Playing the contagion blame game

In: Uncategorized

4 Jun 2012

This is my latest column for Fund Strategy

It is another one of those conjurer’s tricks so beloved of politicians. This one could be called the “contagion evasion”. Point furiously to the danger of financial contagion coming from other countries as a way of drawing attention from economic problems at home.

All of Britain’s main political parties are guilty of playing. When it suits them they are quick to blame others, particularly foreigners, for Britain’s economic woes. Indeed, the habit of criticising international bankers for the country’s economic problems, which I have written about several times before, can be seen as a variation on the theme.

David Cameron recently played the contagion game to great effect in a supercilious speech on the eurozone’s troubles. The aim was not only to make him sound like a statesman but also to suggest that the region’s troubles were substantially responsible for Britain’s economic weakness.

“The eurozone is at a crossroads. It either has to make-up or it is looking at a potential break-up,” he said.

“Either Europe has a committed, stable, successful eurozone with an effective firewall, well capitalised and regulated banks, a system of fiscal burden sharing and supportive monetary policy across the eurozone. Or we are in un­charted territory which carries huge risks for everybody.”

Labour, of course, was happy to play the contagion evasion card when it was in charge. Essentially its argument was that it had put the economy in a strong position to avoid “boom and bust”, only for foreigners to derail its clever plans. Alistair Darling, then Chancellor of the Exchequer, put it this way at the Labour party conference in 2009: “In the face of such unprecedented global turmoil, no one government could hold back this economic tidal wave.”

Of course, there is always an element of truth in such arguments. Substantial economic troubles outside Britain are likely to have some impact on the domestic economy. But the politicians’ trick is to shift most of the blame abroad, ignoring the fact that if Britain’s economy were stronger, it would be more resilient in the face of external trouble.

Even the headline figures for GDP growth call the attempt to blame outsiders into question. According to data from the IMF, the British economy has performed worse than the global economy and even the eurozone as a whole in recent years (see graph).

The discussion of contagion goes back at least as far as the Asian financial crisis of 1997-98. Back then, Thailand was hit by a run on the baht followed by market panic in Indonesia, Malaysia, the Philippines and South Korea.

Talk then, both in the media and by western politicians, was of “Asian contagion” or the “Asian flu”. The idea was that trouble in relatively small Asian markets and economies could somehow damage the West. Newspapers and television programmes carried lurid graphics showing the “infection” spreading from the East.

Few pointed out that the panic in Asia was itself largely an expression of economic weakness in the developed world. Western capital had poured into Asia in a desperate attempt to take advance of eastern dynamism, only to withdraw in a panic at the first sign of trouble.

Fortunately, some experts took a sceptical view of claims of contagion. Michael Bordo, an economic historian at Rutgers university in New Jersey, made an important distinction between transmission and contagion. He argued that transmission was possible when two neighbours or trading partners shared similar weaknesses.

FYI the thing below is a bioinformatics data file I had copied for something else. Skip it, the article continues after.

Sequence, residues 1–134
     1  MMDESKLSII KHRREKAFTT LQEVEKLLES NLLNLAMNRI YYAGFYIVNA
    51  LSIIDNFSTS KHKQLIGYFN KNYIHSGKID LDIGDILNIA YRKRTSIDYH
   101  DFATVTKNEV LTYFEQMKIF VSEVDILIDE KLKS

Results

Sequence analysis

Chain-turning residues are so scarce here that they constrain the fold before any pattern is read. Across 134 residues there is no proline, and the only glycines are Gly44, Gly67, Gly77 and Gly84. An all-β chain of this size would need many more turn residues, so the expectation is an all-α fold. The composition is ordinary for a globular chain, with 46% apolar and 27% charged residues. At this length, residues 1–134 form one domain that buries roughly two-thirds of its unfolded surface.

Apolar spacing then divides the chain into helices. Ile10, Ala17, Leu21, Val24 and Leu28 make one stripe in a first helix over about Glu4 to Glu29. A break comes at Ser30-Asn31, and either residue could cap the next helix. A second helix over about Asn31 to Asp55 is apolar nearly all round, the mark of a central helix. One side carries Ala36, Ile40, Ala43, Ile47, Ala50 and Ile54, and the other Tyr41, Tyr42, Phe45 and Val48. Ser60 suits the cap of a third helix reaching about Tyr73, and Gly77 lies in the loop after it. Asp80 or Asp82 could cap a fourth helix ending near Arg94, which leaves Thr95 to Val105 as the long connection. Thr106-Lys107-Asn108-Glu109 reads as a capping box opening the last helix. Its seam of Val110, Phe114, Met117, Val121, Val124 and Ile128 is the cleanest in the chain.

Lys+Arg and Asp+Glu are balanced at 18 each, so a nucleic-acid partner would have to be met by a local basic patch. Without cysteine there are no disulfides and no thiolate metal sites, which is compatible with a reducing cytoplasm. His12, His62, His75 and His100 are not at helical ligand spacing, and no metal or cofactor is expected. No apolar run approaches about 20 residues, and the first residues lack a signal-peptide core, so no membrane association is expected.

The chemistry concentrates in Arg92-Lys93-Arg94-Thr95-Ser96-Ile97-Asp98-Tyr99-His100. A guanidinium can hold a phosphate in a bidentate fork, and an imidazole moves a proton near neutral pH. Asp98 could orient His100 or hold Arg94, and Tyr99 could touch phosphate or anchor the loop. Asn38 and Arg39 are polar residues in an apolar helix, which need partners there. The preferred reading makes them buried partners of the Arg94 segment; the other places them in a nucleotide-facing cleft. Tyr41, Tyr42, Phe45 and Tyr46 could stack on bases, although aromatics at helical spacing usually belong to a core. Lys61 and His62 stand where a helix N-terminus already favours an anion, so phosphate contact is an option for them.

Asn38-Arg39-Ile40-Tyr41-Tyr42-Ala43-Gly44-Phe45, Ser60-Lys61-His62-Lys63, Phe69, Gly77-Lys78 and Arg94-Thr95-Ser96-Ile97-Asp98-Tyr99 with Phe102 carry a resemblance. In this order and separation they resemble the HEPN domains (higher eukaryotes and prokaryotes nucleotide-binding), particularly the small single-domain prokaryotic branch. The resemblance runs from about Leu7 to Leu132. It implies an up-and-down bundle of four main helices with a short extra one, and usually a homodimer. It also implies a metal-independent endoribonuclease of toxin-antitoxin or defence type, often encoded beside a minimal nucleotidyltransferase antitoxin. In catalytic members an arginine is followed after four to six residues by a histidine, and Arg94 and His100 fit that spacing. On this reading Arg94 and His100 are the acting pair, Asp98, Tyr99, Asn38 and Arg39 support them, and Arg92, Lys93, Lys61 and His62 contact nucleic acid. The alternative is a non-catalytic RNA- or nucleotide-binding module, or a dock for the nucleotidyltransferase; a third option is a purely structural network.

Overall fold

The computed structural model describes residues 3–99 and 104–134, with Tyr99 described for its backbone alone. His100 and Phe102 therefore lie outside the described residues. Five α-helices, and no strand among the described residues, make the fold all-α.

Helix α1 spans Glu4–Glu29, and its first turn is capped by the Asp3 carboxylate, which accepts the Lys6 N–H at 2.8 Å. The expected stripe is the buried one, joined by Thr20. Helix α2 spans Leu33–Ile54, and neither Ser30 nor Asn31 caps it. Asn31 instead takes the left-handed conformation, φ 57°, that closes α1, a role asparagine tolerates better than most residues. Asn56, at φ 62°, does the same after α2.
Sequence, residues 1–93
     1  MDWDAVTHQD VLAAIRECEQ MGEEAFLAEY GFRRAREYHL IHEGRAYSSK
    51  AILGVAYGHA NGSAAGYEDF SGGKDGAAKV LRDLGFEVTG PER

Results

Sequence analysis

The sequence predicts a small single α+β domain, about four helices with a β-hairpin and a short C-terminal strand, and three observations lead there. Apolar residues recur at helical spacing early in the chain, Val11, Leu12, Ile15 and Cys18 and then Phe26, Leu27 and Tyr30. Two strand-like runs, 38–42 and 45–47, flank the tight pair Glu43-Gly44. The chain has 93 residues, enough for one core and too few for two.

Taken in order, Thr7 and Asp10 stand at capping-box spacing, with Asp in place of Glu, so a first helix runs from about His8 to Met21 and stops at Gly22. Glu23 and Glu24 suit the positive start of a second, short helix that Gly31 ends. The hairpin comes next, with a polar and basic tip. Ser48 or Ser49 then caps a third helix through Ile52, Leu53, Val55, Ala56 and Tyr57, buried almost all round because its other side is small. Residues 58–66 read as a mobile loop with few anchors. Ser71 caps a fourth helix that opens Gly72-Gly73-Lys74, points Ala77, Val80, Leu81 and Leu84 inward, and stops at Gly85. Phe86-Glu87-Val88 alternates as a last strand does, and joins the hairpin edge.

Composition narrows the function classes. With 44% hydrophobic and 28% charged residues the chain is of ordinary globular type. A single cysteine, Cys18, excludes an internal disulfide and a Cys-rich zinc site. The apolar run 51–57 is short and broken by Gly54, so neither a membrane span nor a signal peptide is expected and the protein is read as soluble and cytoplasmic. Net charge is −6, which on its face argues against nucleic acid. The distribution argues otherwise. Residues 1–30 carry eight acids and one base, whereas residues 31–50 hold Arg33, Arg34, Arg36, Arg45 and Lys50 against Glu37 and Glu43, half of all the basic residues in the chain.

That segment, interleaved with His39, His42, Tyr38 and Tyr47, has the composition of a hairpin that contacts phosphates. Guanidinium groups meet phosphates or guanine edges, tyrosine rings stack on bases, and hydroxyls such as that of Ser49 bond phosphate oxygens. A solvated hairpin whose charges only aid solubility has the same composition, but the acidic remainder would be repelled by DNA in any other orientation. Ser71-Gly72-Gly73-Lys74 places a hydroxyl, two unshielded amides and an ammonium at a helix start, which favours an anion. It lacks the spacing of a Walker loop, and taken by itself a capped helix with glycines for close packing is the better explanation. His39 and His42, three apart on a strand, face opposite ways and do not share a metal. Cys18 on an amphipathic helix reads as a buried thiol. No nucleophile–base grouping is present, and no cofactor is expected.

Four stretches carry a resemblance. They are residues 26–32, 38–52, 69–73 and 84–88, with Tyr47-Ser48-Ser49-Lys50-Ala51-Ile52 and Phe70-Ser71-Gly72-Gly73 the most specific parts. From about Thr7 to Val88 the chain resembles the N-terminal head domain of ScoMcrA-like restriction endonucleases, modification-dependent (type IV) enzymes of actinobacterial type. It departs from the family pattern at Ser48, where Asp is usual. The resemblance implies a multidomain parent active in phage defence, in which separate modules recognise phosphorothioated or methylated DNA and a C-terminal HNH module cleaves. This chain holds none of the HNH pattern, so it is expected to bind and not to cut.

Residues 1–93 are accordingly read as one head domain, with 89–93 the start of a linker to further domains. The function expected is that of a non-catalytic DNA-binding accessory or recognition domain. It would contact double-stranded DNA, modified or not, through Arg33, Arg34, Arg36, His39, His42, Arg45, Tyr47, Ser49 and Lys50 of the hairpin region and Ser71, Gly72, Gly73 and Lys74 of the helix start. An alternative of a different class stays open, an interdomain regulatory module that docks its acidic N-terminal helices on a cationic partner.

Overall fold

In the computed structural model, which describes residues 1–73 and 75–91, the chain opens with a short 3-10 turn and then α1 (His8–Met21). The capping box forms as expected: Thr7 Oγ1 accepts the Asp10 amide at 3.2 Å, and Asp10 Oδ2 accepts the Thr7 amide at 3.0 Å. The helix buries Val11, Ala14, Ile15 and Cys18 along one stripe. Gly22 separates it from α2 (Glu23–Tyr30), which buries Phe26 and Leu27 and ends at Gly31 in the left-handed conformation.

But he rejected the idea of ’pure’ contagion: “There is little evidence for such a phenomenon, although it has been given as a key reason for massive international rescue operations.” (“Currency Crises (and Banking Crises) in Historical Perspective”, Research Report No 10, 1998, Stockholm School of Economics.)

Although the circumstances today are a little different from those of the late 1990s, the same general scepticism should apply. Even if economies suffer an external shock, there is almost invariably a strong domestic element to the troubles they face. In Britain’s case, there are several factors to bear in mind.

  • A low level of capital investment by firms. For example, Chris Dillow, a former City economist, recently used official figures to show that capital spending by non-financial firms was at its lowest share ever – just 65.7% of retained profits. Since capital spending is the motor of future growth, the lack of such investment is a key weakness.
  • A low level of research and development. Closely related to capital investment. Britain was slightly below the European Union average and well below America, according to the latest figures from the Organisation for Economic Cooperation and Development.
  • A particularly high dependence on financial services. Clearly, income from the financial sector can be lucrative but it can also be volatile and vulnerable to competition. As late as 2007 the then chancellor, Gordon Brown, said in his Mansion House speech that the City had created “an era that history will record as the beginning of a new golden age for the City of London”. By the following year it was in the midst of a crisis from which it has yet to fully recover
  • A technocratic system of economic management. An economy where many key decisions are made by technocrats, such as the Bank of England’s monetary policy committee, with little scope for democratic involvement. As I have argued previously, such a system makes the economy more rigid than it would otherwise be – although admittedly, Britain’s system of technocratic rules is not quite as rigid as those for the eurozone.

Rather than whinge about “contagion”, it would be far better if Britain’s politicians created a framework to tackle economic challenges at home.